1st NAEF solutions concept for addressing the care, recovery, and reintegration of male, youth victims in conflict and near conflict areas.

Who are the Lost Boys?

  • Male youths between the ages of 5 and 16 years

  • They are the sons of tortured and murdered fathers

  • They are the sons and brothers of captured, raped and traded mothers and sisters

  • They are the sons and brothers who have been beaten, tortured and abused

  • They are children who bear massive traumas and they are in pain

  • Yezidi religious affiliation, and believed by the Islamic State to be slaves

  One of the lost boys seen with Hollie McKay during Canada Cares Assessment 2016

One of the lost boys seen with Hollie McKay during Canada Cares Assessment 2016

What happened to them?

The lost boys were children, were ripped away from their childhood.

Many of them were forced to witness the murders of their family and people, including the rapes of their mothers and sisters during the Yezidi Genocide of 2014.

They were tortured, raped and abused by their captors.

Forced to convert to violent and radical interpretations of Islam

Forced to undergo militia training in weapons, hand-to-hand combat and tactics

Forced to use their training to commit heinous murders and crimes against others, or worse, their own family members

They were indoctrinated to be warriors, loyal to the Islamic State above all else.

  Image captured from Islamic State propaganda video release

Image captured from Islamic State propaganda video release

When and where did this happen?

The siege of Mount Sinjar by the Islamic State occurred in 2014. As the monstrosities committed by the group shook Iraq, Syria, and the world, ISIS made one major violent push to specifically target and wipe out the Yezidi population of Sinjar.

First, the violent extremist group went onto slaughter the lives of many Yezidi men, women and children in the lowlands of their town before forcing the Yezidi residents to flee into the mountain of Sinjar where inhabitants would have no choice but to starve and die of dehydration.

While certain aid cargos were dropped atop the mountain to aid those who initially escaped, many people were later killed by the Islamic State trying to escape from the mountain.


The care gap

First, we recognized the dire need to help all victims of Islamic State crimes and heinous treatment.

Rightly so, much of the International Community is focused on the very real, critical needs of specific gender segments of the population, including the health and security of women and girls in the context of Islamic State horrors. The 1st NAEF also witnessed that while so much good was being contributed to female and child victims, rescued and found male youths/adolescents have received minimal to virtually no care. They have been forgotten and neglected, and are poised to truly become the “lost” of their generation.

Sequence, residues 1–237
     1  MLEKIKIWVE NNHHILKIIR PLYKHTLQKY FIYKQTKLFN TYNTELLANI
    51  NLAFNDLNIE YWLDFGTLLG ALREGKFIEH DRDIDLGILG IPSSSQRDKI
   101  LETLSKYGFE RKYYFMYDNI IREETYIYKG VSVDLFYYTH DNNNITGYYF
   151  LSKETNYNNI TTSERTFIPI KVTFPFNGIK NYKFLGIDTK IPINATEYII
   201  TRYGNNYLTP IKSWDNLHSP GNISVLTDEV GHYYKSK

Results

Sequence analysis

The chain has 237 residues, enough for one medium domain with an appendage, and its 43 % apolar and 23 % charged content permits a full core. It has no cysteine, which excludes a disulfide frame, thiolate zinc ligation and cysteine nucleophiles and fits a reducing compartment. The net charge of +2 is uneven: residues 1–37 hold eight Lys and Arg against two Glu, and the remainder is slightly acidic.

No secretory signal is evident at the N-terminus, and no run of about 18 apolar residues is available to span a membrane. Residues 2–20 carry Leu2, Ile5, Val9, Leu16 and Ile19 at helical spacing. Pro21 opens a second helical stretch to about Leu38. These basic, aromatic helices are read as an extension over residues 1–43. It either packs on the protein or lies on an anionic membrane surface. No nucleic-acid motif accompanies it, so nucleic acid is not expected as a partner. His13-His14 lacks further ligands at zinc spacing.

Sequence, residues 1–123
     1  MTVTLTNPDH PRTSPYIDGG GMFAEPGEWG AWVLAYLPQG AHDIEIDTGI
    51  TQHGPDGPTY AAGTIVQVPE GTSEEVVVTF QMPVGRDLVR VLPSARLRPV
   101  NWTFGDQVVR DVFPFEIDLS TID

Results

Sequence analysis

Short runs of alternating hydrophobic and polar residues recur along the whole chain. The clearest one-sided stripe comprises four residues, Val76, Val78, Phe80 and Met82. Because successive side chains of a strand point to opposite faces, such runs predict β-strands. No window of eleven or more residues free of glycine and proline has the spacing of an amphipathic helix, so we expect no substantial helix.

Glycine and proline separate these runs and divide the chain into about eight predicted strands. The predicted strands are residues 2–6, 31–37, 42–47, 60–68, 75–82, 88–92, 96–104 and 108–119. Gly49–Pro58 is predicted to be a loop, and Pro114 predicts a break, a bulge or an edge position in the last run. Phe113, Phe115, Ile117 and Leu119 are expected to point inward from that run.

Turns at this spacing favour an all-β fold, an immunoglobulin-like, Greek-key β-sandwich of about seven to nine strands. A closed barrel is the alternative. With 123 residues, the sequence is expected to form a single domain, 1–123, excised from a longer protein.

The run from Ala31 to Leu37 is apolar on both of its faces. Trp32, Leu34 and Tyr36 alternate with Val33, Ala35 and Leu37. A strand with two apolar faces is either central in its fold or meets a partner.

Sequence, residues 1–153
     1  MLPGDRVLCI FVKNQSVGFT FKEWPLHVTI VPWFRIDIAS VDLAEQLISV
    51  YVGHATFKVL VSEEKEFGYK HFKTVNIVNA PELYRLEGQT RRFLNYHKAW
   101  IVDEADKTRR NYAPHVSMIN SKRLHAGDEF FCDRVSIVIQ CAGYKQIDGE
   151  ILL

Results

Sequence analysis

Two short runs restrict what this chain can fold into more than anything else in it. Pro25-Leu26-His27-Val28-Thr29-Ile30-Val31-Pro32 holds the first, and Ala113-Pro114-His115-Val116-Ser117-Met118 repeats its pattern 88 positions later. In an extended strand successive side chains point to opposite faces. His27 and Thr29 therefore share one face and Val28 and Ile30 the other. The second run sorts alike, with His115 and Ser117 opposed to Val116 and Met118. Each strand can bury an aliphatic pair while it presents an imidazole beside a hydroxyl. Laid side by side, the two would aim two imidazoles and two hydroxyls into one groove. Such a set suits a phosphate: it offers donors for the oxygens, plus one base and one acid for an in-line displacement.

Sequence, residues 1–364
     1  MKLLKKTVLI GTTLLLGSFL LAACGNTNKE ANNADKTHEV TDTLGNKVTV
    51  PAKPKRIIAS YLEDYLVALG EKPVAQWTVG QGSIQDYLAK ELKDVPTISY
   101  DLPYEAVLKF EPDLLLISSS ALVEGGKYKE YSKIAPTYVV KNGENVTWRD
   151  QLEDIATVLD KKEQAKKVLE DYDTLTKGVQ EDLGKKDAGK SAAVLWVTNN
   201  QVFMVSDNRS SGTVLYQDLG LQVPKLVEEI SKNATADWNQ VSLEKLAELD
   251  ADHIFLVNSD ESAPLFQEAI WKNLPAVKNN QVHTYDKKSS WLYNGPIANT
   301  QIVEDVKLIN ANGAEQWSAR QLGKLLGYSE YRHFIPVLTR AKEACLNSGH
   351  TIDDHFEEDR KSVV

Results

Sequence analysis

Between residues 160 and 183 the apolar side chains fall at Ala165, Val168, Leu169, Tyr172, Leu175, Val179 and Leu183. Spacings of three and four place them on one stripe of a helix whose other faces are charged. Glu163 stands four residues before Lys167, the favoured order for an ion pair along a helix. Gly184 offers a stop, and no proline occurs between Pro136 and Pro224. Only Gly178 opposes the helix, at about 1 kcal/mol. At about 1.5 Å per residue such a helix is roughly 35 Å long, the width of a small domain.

Working through established relationships with Yezidi community leaders, in autumn of 2016, the 1st NAEF undertook a phase 1 process to form an initial solutions concept:

  • Conduct of targeting analysis within Kurdistan – Conducted concurrent to “Canada Cares” project.

  • Selections of focused target group (male youths ages 6-16) Establishment of relationships with members of the target group

  • Initial mapping of radicalization exposure methods used against the target group

  • Initial mapping of other potential impacting factors

  • Initial mapping of potential impacts on other current and future programs (PVE/CVE/women and girls)

  • Defined scope, methodologies and program potentials

  • Defined intersections and potential alignment with other civil-development programs for the Yezidi community from the 1st NAEF


Recommended Actions and Programs
Our goals for this project are twofold:

1. To advocate for, and enable the healing process of Yezidi youths so they recover from the wounds of indoctrination and radicalization in order to live full, peaceful and happy lives.

2. We will be using the best practices in the fields of clinical psychology, somatic transformation and counter violent extremism methods to protect youth, while drawing on project information and data to also better inform current and future research into youth de-radicalization programs the world over.

Services will include:

• Psychological and medical care (including de-radicalization)
• Education and knowledge building
• Community reintegration
• Community volunteer experiences
• Global peer engagement
• Leadership development


Requirements to succeed

There are two primary requirements for success:

  1. Adequate financial support to launch immediate solutions programming in Kurdistan – including a safety and security measures package for patients and staff.

  2. Adequate support from global bodies and nations to act on this critical aid gap.

What happens if we don’t help the lost boys

We must remember:

  • They have suffered the worst torture and abuse imaginable

  • They have been conditioned and trained to commit violence

  • They have been indoctrinated to hate

The consequences of failing to help should be clear.

Without help, within 5 to 10 years, we will be fighting them - as they become the violent perpetrators of the next generation.